Watering down is a good idea for the paint...sometimes I can be so dense! I need to get some more, and that approach is less smelly and permanent than the dye.ReplyDelete
Thank you for sharing such a great idea ... I used your directions and the only difference is that I took the toothpicks and rolled them onto a perm. ink stamping pad. It worked great and easy to do and no mess and matches the vine perfectly! Thanks again.....god bless you for sharing....ReplyDelete
Whoops, type O - big irreverent one. I will repeat again. I used your idea but the only difference is that I took the toothpicks and rubbed them onto (rolled them onto) a permanent ink stamping pad. NO mess, sets up nicely and matches the grapevine perfectly. Thanks for sharing and GOD bless you for sharing with us all.ReplyDelete
Thank you for the idea. Last year I made a salt dough crown and used toothpicks. I like this one better because you can reuse the crown of thorns. I visit both your site and Catholic Cuisine. God Bless you and thanks for all the great ideas.ReplyDelete
My children really love this idea. We have ours hanging on our living room wall--kind of a constant reminder to do little sacrifices throughout the day. This is our first year to use this type of crown, but the kids like it better. In previous years I would draw a crown and they would stamp flowers over the thorns. On Easter with the thorns gone (hopefully) they will wake up to the grapevine wreath decorated with a few flowers. Then throughout the Easter season, whenever they do a kind deed, they get to add a flower to the wreath. Hopefully this will keep the mindset of better behavior and thinking of others continuing even after Lent ends. Thanks for the great idea!! God bless!ReplyDelete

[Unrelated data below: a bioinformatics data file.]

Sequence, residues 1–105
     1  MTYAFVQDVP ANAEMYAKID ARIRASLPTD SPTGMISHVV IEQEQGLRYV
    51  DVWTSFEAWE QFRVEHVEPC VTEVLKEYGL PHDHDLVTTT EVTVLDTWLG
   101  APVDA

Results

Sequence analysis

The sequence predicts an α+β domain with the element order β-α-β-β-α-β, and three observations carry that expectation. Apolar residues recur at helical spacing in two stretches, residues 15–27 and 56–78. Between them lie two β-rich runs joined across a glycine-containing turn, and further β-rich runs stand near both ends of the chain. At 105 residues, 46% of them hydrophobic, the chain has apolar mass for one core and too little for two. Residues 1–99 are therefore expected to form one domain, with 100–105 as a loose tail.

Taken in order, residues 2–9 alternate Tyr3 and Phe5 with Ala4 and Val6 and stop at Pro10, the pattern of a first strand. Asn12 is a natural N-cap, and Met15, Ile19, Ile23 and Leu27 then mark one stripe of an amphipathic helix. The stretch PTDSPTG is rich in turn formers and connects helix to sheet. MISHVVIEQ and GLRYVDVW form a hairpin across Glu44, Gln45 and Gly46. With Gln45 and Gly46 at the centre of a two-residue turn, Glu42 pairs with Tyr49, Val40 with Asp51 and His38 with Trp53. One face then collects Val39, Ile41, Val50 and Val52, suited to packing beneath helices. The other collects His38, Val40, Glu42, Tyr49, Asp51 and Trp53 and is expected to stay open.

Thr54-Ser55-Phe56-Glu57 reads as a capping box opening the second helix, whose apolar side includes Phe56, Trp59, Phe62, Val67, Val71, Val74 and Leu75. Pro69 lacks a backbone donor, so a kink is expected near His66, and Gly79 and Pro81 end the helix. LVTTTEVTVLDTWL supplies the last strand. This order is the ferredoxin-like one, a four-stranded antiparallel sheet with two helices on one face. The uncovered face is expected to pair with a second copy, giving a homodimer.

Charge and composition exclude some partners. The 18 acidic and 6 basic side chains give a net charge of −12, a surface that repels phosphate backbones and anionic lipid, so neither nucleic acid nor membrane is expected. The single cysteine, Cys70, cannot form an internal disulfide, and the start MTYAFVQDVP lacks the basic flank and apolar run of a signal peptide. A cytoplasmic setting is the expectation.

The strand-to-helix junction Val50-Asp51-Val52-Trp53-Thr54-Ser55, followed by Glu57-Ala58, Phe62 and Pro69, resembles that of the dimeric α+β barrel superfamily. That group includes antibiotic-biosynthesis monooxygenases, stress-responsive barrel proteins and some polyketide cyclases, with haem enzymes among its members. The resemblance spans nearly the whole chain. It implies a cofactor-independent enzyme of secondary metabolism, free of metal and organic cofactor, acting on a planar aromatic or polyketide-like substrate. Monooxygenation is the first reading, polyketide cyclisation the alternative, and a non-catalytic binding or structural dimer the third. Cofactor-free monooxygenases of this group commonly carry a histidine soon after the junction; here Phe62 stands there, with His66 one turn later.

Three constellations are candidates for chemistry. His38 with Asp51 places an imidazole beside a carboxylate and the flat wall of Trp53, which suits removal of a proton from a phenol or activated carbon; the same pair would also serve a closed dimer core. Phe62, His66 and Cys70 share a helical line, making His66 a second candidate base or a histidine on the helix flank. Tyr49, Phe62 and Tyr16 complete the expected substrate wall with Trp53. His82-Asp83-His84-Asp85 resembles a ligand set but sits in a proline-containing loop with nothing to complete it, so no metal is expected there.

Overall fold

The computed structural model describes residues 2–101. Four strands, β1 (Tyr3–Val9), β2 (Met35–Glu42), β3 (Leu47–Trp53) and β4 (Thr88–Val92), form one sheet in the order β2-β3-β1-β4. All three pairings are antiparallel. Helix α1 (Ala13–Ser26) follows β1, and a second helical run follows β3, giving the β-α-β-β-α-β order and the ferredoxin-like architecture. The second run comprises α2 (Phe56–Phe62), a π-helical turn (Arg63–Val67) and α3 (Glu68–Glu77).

Thank you for posting this with the pictures. I had read about these...but couldn't quite picture it. Yours is beautiful! Thank you for sharing!ReplyDelete
I am going to try to make one this weekend :)
Thank you so much for this idea. We need one for an event, and also for some table centerpieces, and I so appreciate this idea.ReplyDelete
Lovely idea! I need a small grapevine wreath for a small wooden cross that we are using on our "Table of Grace" communion table at women's retreat. Where can I find a grapevine and are they already circled?ReplyDelete
I tried the coffee thing. It didn't seem to work very well for me. The toothpicks in your picture are nice and dark but mine tinged more pink and very light. I would attach a photo but don't think I can.ReplyDelete